TIA has a national network of technology centres and partners that will provide critical infrastructure for incubation of small businesses in this sector. Among the advantages of this approach, includes the fact that it is an effective partnership optimising government resources, for example, utilisation of TIA’s internal expertise that can be harnessed at no cost. A further advantage is that TIA has already worked in conjunction with the Innovation Hub and other Small Enterprise Development Agency (SEDA) technology incubators and, hence, some of the projects in their pipeline are tourism specific and stand to gain from this partnership. Incubates will be supported through business ideation, prototype development, market testing and commercialisation phases.
The TTGIIP is aimed at ensuring meaningful involvement of youth and women in the travel and hospitality industry operations by capitalising on their intellectual technology edge to change the traditional business systems and practices in a manner that empowers youth and women and facilitates their participation in business.
This programme will involve the development of an industry problem statement that seeks to challenge participants to develop innovative solutions. This is a competitive process which will require the participants to identify problems, develop a tech solution which they will pitch to a panel of judges. The ideas/solutions must be practical, realistic and show potential for commercial success, upscaling, job creation and attracted funding will be given priority. Chosen ideas will be put on a two-year development programme which includes, idea finalisation, prototype development, commercialization plan, venture capital and other investment financing attraction, market testing and eventual graduation into the market.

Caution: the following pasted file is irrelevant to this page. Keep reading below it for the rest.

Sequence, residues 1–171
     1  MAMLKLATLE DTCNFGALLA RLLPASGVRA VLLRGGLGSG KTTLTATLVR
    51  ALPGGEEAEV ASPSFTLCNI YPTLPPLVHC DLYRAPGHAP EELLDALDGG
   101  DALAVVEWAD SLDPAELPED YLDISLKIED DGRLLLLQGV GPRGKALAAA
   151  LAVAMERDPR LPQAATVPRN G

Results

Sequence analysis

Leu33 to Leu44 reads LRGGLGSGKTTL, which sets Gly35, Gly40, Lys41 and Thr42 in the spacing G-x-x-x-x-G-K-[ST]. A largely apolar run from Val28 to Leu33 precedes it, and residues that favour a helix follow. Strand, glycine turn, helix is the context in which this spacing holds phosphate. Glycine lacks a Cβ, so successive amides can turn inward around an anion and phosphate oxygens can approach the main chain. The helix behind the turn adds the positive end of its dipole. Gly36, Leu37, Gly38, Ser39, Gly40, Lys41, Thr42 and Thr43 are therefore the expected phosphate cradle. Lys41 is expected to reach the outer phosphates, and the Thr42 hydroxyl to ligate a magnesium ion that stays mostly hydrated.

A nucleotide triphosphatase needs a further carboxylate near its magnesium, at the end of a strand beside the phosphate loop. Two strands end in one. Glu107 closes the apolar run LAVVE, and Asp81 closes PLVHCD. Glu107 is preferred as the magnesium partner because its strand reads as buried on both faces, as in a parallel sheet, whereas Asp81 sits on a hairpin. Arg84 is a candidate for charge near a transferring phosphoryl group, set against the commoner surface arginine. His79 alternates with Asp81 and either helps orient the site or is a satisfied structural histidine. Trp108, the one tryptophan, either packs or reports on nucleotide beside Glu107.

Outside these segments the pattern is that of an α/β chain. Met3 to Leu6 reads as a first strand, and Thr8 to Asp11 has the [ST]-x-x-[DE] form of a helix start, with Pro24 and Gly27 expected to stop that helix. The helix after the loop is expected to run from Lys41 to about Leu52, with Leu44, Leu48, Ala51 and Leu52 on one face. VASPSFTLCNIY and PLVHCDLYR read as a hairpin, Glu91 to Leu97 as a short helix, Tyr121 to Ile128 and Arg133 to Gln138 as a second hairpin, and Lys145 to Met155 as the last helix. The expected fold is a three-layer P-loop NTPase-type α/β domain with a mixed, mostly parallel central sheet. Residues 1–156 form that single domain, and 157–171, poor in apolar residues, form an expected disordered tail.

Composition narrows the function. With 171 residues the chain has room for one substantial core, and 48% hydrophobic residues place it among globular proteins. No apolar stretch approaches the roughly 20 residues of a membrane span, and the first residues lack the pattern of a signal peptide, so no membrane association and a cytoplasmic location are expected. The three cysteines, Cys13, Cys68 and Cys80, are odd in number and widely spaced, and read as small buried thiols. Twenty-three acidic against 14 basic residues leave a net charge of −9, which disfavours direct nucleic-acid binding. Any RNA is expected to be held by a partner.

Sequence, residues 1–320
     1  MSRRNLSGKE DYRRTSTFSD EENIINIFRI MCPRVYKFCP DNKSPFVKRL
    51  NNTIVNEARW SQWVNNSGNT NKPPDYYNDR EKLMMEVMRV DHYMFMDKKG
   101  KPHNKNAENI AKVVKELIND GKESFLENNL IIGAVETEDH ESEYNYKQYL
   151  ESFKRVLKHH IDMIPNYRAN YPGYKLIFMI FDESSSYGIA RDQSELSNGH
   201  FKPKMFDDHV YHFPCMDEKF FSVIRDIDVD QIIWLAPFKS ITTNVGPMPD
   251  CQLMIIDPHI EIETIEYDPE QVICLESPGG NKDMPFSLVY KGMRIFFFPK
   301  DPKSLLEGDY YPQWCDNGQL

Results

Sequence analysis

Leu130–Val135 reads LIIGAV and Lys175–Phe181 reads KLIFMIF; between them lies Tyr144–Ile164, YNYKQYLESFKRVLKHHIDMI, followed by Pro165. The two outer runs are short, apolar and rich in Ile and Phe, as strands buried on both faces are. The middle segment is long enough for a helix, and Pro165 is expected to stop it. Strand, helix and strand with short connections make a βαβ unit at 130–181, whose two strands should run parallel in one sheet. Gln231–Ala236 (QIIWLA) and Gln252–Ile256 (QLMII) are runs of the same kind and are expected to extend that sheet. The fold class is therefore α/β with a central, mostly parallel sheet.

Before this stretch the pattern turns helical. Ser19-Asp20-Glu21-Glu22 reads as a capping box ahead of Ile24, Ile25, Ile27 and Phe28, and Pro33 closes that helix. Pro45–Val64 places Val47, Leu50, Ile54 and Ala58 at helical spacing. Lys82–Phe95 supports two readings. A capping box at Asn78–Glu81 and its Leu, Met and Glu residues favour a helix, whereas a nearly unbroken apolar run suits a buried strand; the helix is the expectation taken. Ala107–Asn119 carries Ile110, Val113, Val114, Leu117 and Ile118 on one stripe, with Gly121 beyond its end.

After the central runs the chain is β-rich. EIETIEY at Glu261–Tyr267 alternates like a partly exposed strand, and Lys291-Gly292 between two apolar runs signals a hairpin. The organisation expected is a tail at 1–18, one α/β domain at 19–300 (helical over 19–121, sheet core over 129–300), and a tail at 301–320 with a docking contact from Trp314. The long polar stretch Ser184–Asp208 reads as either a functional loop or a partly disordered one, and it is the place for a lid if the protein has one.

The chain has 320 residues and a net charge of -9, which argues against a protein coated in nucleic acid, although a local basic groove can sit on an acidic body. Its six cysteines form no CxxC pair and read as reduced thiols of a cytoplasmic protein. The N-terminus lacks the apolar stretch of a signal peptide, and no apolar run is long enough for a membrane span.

The TTGIIP programme model consists of:
Grant funding for the proposed innovation including the following support activities:
The Department of Tourism has budgeted an amount of R6 million over two years for this programme. According to the attached project proposal, TIA has committed to match the funding with an amount of up to R4 447 500.00 that will cover all programme administration, incubation services and project implementation costs. This will bring the total budget for the project in two years to R9 845, 000. A total of 20 incubates which are all youth, will be supported over the two years.
As the old adage goes, “Necessity is the mother of invention.” We have to think differently to adapt to a new set of norms. We have become agile in our thinking and creative in reimagining a new normal. Not only to survive but to flourish.
However we are not building from scratch. We stand on the shoulders of those brave pioneers that have paved the way for us with their sacrifices. And the best way to honour our debt of thanks to them is to excel in what we do in building a better South Africa. So that we too can pave the way for generations to come.
This is well within the context of what President Oliver Tambo said, and I quote: “The children of any nation are its future. A country, a movement, a person that does not value its youth and children does not deserve its future…”
It is on that note that I have absolute pleasure today to welcome the new cohort of young entrepreneurs to the tourism family.
I thank you